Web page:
Located halfway between Naples and Rome, the mountaintop of Monte Cassino was the only path suitable for vehicles, as well as an important peak overlooking the valley in which Cassino lay. The peak was considered a holy place since the 6th century and the ancient monastery on top had been besieged many times over the last 1420 years because of its strategic value. When the Germans first moved into Italy, they warned the monks of the impending war and took out the holy artifacts, claiming they were defending them from Allied pillaging. Many cultural treasures were stored in the basement of Monte Cassino to protect them from Allied bombs. The Germans were right to be wary of the Allies because they needed to pass through Cassino to get to Rome, and would have to take it by force. On 24 January, French forces attacked north of Monte Cassino to flank the German positions, but it failed. Soon after, British, New Zealand and Indian troops were called in to take the town, but the commander of the New Zealand forces at Cassino, General Bernard Freyberg, did not want to proceed until the abbey was heavily bombed. He suspected the Germans were hiding in the abbey and using it as an observation tower because their artillery fire was extremely accurate. General Clark disagreed, arguing that if the abbey was destroyed that the Germans would turn the ruins into a defensive nest that the Allies would have great difficulty neutralizing. The Allied commander in Italy, British General Harold Alexander, had the authority to approve a bombing and sided with Freyberg. The result became one of the warís great military blunders.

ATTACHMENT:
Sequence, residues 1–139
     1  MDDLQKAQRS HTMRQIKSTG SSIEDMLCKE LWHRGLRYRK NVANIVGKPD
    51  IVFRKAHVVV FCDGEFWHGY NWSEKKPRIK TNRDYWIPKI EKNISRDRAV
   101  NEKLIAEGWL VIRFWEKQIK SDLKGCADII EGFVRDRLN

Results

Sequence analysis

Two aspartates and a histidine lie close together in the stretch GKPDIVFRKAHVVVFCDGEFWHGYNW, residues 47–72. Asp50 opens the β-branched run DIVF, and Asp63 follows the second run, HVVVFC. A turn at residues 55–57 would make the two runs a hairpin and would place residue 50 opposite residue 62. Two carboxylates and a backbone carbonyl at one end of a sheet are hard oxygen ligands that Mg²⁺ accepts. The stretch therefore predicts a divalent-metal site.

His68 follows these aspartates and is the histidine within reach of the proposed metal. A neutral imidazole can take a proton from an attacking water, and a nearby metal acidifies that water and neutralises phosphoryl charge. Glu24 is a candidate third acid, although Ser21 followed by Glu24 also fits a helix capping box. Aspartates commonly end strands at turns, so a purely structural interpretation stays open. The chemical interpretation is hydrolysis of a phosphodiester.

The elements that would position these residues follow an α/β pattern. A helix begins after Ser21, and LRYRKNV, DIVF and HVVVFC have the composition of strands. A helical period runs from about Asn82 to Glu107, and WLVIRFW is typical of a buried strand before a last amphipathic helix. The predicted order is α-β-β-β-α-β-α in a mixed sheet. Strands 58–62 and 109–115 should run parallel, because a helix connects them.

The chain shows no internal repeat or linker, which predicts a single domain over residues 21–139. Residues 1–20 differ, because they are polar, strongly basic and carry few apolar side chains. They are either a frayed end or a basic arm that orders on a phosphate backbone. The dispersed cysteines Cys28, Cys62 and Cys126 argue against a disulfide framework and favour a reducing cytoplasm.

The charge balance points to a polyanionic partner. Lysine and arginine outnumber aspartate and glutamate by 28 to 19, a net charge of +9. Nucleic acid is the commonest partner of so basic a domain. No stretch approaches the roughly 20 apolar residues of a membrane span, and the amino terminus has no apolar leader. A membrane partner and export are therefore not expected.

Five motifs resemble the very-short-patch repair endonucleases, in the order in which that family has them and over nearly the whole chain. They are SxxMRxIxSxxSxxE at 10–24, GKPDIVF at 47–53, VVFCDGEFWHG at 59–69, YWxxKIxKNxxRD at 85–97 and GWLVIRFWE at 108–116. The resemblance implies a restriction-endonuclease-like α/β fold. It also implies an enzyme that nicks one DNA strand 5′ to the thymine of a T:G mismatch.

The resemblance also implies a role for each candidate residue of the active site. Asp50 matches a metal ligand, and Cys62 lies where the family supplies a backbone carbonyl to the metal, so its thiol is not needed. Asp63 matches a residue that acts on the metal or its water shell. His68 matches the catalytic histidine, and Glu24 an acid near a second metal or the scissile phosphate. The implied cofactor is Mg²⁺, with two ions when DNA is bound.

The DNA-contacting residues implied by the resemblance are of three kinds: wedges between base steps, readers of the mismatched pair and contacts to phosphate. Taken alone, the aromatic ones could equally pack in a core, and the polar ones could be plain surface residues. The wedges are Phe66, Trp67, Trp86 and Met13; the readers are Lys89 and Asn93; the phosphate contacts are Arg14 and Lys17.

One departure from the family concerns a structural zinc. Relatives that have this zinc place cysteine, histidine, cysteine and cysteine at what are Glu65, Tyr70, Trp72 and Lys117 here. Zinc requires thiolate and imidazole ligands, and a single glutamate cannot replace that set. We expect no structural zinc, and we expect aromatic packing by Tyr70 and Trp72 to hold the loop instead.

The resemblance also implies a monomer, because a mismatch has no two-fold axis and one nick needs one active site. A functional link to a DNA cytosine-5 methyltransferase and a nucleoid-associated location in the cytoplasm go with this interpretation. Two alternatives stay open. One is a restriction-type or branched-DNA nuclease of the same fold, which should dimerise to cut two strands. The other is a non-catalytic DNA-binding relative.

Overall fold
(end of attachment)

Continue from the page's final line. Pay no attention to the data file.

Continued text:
Beginning at 9:45 am on 15 February, 2 waves of 142 B-17 bombers, plus 43 B-25 and B-26 bombers dropped 400 tons of bombs on Monte Cassino. Soon after the Allied bombing, the Germans quickly scrambled to the ruins and turned it into a defensive fortress, just as Clark had feared. For a millennium and a half it had withstood the ravages of time and war but now the buildings there were completely destroyed and the monks were forced to evacuate. After the inevitable protest throughout the world, the Germans began to reinforce Monte Cassino while Freybergís follow-up attack failed to make any headway. On 16 February the 4th Indian division led another disastrous attack, much like the US 34th division before, because the Germans were just too good and too dug in. The 2nd New Zealand division tried but after 3 days the attack was shut down in the midst of severe weather. Even though the Germans were victorious, they were in a predicament because all of their reserves had been sent to battle the Allies at Anzio. On 15 March the streets of Cassino were hit with 1000 tons of bombs and nearly 900 guns. 500 bombers also attacked the town of Cassino and pulverized its buildings. When the Allied infantry finally moved in, there were only 100 Germans left from the elite 1st Airborne division, but they fought valiantly with every gun they had. The Allied assaults were again canceled on 23 March because the casualties were too high for such little gain.